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Grade 2 Books Overview

Enemy Pie - Derek Munson

Hey, Little Ant - Phillip & Hannah Hoose

Pinduli - Janell Cannon

The Summer My Father was Ten - Pat Brisson

Discontinued

A Ball For All - Brigitte Weninger (Discontinued)

Bat's Big Game - Margaret Read Macdonald (Discontinued)

The Summer My Father was Ten – Pat Brisson

  • Grade 2
  • The Summer My Father was Ten – Pat Brisson

The Summer My Father was Ten

Written by Pat Brisson and illustrated by Andrea Shine

Synopsis

This book provides a lesson in restorative justice – learning to take responsibility by making things right when one has done something wrong. The story also emphasizes the importance of respecting the property and work of someone else.

A family tradition between a father and daughter begins as the result of the father’s actions when he was a young ten-year-old boy. While playing baseball with his friends, the ball rolled into the neighbour’s garden. Thinking it would be funny to toss a tomato to his friend instead of the ball, this decision results in the group of boys completely ruining the neighbour’s garden. Unable to apologize but feeling very guilty and remorseful, the boy is able to make amends when he takes responsibility for his actions. This leads to a friendship and tradition between the boy and the neighbour that, over the years, continues between the father and his daughter.

Vocabulary

  • marigolds
  • zinnias
  • mulch
  • bouquets
  • windowsil
  • trudged
  • trowel
  • vacant
  • opera
  • flannel
  • accent
  • hollow
  • pulp
  • trampled
  • destroy
  • studied
  • patch
  • dry
  • spells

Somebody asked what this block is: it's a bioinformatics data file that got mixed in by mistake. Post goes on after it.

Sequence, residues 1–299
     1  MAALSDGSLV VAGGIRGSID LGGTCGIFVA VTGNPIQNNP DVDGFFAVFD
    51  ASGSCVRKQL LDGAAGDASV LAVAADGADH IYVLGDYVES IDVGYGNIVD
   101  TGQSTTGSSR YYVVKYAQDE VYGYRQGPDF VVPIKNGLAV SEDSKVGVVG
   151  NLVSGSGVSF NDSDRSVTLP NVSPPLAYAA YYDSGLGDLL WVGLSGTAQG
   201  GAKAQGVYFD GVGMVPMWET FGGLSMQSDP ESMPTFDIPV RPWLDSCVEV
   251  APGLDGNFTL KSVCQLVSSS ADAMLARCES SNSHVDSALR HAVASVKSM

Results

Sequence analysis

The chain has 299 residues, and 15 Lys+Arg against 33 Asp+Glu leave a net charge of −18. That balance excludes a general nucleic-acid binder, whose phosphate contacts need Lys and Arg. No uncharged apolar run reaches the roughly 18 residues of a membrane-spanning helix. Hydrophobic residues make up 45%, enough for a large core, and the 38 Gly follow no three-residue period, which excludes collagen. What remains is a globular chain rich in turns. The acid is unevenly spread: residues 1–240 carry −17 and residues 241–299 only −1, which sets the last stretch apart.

• bloomed
  • nursing home

 

DISCUSSION TOPICS

Before Reading

  • Ask the students to think of a time when they did something hurtful to someone else and felt badly or guilty about it. Have the students share. Ask them to think of what could have been done to ‘make up for that action’ or rectify the situation and make things better.
  • Review the vocabulary to ensure students understand the meaning of the words

During Reading

  • After the boy finds the tomato in the garden, ask the students what they predict might happen if the boy throws it at his friend.
  • We all have choices in life. How did his choice cause a problem?
  • Have students pause and reflect on how they are feeling about the destruction of the garden. Ask them to think about their feelings hearing what happened to the neighbour’s garden. Have students share those emotions and tell why they might be feeling that way.
  • Ask the students how they might have reacted if they witnessed someone ruining the neighbour’s plants in the garden.
  • Have students predict the reactions of Mr. Bellavista when he sees his garden.
  • Ask the students to pretend they are this ten-year-old boy and what they would do now that this has happened.

After Reading

  • Have the students think about the relationship between the boy and Mr. Bellavista at the beginning of the story. Then have them think about that same relationship as the boy was growing up and to the end. Ask the students how they felt that relationship changed over time and why.
  • Ask students if they have ever made a judgment about someone before they got to know someone. Ask them what caused their relationship to change over time.
  • Ask the students why they think the father tells the daughter about this story each year in the spring.
  • Ask the students why they think it so important for this father to help Mr. Bellavista.

 

Fin’s Tales – Can You Help?

One day while practicing my shot I forgot to check my surroundings so I sent a puck flying through a window. It was an accident but I was afraid I would get in trouble. Did I run away and not say anything to anyone and pretend it wasn’t me?

No! I knew I needed to take responsibility. So I knocked on the door, explained that I had accidentally broken the window. I told the neighbour that while I did not have the money to pay for the window, I was willing to do some work around the yard to make up for my actions.

  • Ask the students to think of a time when they had to take responsibility for something they did even though they might have been worried about getting in trouble. Ask them how it felt inside when they told the truth and accepted responsibility.
  • Ask the students why it is important for people to do something to fix a problem that they were a part of causing.

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